Addressing Problems Associated with Seepage Along a Pipe

The traditional construction method of placing a pipe on an aggregate bed essentially creates a conduit or high permeability zone for water to follow along the length of the pipe. Long-term seepage creates erosion and can gradually (and sometimes rapidly) undermine the backfill surrounding a pipe, leading to structure failure. Depending on where the failure occurs (e.g. under a roadway or in an overflow pipe leading from a basin), a significant breach or safety issue can occur. Typical applications include:

  • Water or sewer piping

  • Water control structures or overflow piping for basins/ponds

  • Underground utility corridors

  • Minimizing Inflow & Infiltration (I&I) from inlets or manholes - aging infrastructure

  • Oil & gas pipeline construction (including stream crossings or wetland protection) 

Traditional Approach

Historically, anti-seep collars, also known as trench dams and trench breakers, have been constructed from a range of materials, including rubber, concrete, corrugated metal, foam, et al. With these approaches, installation is often time consuming and can be technically problematic. Another alternative uses 50lb paper bags of traditional bentonite chips or sand bags (stacked in the trench) to achieve a dam or collar around a pipe. However, for a number of key reasons, these approaches actually can be far more expensive, less safe, and much less effective than an AquaBlok approach. 

The AquaBlok® Solution

Although AquaBlok was originally developed as a material to limit the spread of contamination, it has been widely applied to a range of water control applications. Its physical composition (high aggregate solids content and low permeability) makes it particularly well-suited to serve as a collar or “plug” around a pipe. The stone-core provides structure and support for the exterior of a pipe, just as any bedding aggregate would. The bentonite provides an extremely erosion-resistant and permanent seal. Since it is placed in dry form, AquaBlok will “flow” around and under a pipe, filling voids and inconsistencies in the surrounding substrate. Once hydrated, the material conforms tightly to complex shapes, like trench side walls, bedding material, and the curvature of a pipe. The hydrated dam will be much less susceptible freeze/thaw, desiccation/rehydration cycles - will not crack over time from the effects of highway vibration or seismic loads.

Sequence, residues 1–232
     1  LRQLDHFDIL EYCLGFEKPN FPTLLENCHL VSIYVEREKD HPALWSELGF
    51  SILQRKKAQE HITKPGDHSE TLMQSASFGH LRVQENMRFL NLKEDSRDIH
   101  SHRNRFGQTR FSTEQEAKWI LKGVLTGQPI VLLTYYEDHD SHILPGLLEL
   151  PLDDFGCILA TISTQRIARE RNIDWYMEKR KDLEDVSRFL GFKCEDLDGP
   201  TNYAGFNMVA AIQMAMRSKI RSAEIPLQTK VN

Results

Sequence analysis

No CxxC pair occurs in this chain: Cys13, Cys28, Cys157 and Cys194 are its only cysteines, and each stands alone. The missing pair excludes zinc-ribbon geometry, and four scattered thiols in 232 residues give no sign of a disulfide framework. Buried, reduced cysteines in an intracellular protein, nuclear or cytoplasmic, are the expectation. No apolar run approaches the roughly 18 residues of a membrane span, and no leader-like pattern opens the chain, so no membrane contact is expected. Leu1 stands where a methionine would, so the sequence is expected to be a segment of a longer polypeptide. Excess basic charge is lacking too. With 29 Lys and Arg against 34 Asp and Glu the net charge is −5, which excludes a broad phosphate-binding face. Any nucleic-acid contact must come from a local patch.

How Much Material Do You Need?

Pipe size and surrounding soil properties determine how much material you will need. To assist, we have provided example drawings and specifications, as well as a method to determine material quantity for a single trench dam. 

Sample Drawing

Sample Specification Language

AquaBlok Packaging Options

Contact any of our distributors to receive help estimating quantity need and to receive a custom quote. 


Tips & Observations

Things to Consider

  • Utility Installation vs. Repairs

  • Commercial vs. Industrial Sites

  • Basin Penetrations

  • Wetland Environments

Other Uses for AquaBlok

Our material is also suitable as a vapor barrier around a conduit. Provided it will remain hydrated, AquaBlok will minimize the undesirable migration of gases, like methane.

Technical Advantages

When native backfill is inconsistent or tight clays clump and are difficult to handle and re-compact, AquaBlok is particularly advantageous.

From the Field

Napoleon, OH

West Norriton, PA

Silverthorne, CO

Worcester, MA

Morgan City, LA